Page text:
September 13th, 2006

Hiding in Plain Sight

In the guise of researching an on-spec piece I’m working on, I surfed over to today and picked up some startling stats:


· 75,000 new blogs are created each day

· An average of 50,000 blog updates are posted every hour


It’s tough to wrap my mind around. (Which reminds me of a literary agent blog entry I read recently, in which the phrase “to wrap one’s mind around something” was one of her pet peeves. I, on the other hand, like envisioning my gray matter struggling to envelop and absorb sharp, pointy concepts like a starving octopus wrestling with a discarded beer bottle.)


Seventy-five thousand new efforts—every single day—to tell the world who you are. Fifty thousand attempts—every hour of the day—to continue telling that story. And why? What is the sound of an unread blog floating in cyberspace? (That’s why I mosey over to my blog periodically to enjoy past entries. At least then my little journal won’t get too lonely.)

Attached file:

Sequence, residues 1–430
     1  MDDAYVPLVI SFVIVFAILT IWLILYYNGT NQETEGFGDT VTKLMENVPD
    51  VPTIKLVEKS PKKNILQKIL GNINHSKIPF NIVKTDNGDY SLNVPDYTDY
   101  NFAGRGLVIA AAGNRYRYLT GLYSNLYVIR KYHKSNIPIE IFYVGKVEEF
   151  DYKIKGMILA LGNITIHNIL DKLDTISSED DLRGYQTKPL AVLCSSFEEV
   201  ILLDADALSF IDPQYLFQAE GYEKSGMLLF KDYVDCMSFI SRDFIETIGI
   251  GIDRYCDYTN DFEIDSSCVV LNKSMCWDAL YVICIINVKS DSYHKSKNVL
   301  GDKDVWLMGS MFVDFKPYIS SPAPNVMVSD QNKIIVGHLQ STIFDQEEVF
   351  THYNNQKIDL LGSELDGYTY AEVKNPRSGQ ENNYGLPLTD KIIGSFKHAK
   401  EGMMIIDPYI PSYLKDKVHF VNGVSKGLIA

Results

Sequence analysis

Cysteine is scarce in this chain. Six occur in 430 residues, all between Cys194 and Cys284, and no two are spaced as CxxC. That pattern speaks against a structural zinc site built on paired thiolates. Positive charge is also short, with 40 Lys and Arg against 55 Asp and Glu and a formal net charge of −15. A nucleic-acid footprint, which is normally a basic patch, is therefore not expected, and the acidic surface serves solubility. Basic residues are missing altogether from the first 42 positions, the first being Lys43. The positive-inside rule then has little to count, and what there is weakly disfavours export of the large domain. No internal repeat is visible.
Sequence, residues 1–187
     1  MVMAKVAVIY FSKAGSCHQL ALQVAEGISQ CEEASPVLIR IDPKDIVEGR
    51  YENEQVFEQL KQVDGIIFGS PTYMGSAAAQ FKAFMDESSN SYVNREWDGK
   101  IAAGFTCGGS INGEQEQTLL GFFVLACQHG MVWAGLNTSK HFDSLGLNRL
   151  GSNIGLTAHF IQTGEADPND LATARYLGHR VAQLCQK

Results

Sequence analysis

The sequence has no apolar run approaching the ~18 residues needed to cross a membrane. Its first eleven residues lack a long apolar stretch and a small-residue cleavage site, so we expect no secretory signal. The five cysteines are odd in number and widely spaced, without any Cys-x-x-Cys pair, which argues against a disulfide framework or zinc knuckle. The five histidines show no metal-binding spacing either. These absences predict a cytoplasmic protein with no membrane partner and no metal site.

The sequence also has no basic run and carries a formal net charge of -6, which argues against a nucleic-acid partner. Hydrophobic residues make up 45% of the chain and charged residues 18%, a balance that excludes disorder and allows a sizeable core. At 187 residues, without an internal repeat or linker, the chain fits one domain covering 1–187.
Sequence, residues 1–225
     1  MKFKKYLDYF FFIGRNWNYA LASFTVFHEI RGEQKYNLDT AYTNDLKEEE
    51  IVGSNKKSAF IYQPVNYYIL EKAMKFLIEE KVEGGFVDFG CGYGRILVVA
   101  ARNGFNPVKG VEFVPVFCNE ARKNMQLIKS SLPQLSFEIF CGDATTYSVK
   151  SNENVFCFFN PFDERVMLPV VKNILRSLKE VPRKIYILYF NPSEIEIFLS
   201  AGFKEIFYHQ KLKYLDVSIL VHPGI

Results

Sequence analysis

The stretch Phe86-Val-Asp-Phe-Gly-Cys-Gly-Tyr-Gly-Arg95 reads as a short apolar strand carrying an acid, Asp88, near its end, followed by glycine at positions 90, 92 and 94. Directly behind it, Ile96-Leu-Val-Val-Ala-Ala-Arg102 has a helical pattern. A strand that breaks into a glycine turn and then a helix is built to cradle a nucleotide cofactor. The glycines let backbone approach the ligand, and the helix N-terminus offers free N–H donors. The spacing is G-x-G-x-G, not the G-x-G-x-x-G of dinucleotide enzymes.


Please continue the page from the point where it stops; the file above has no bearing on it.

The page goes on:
I read a few entries of a terrifying blog once—there are some weird people out there, you know?—that were written in second person. Angry second person. So angry and so weird that even I couldn’t bring myself to devote much time to analysis and interpretation of it.


I read another blog in which the writer’s bio included this amazing phrase: “... and I wish I had my old boyfriend back.” Wow, huh? I still can’t decide if that’s bravado or desperation or just the naked honesty we’re supposed to expect from our anonymous online interactions.


And I guess that’s the point. A journal is a record of the writer’s innermost thoughts, her secret heart, her true self. Whether hand-scribbled or posted online. Unless—ah, there’s the rub—unless the writer is donning a persona. Putting on a show for the reader, present or future.  


It’s all fine and good to think about millions of bloggers typing to a different drummer, and surely some truth has to shine through those countless lines of text and code. But the internet is a shield, too, protecting the blogger’s exposed heart even while providing a forum for it. Where truth ends and persona begins is any reader’s guess.


Well! I guess this means it’s time to grab some fluffy middle-grade novels and re-caffeinate. Apologies for the excessive earnestness—it won’t happen again. (Not for a while, anyway.)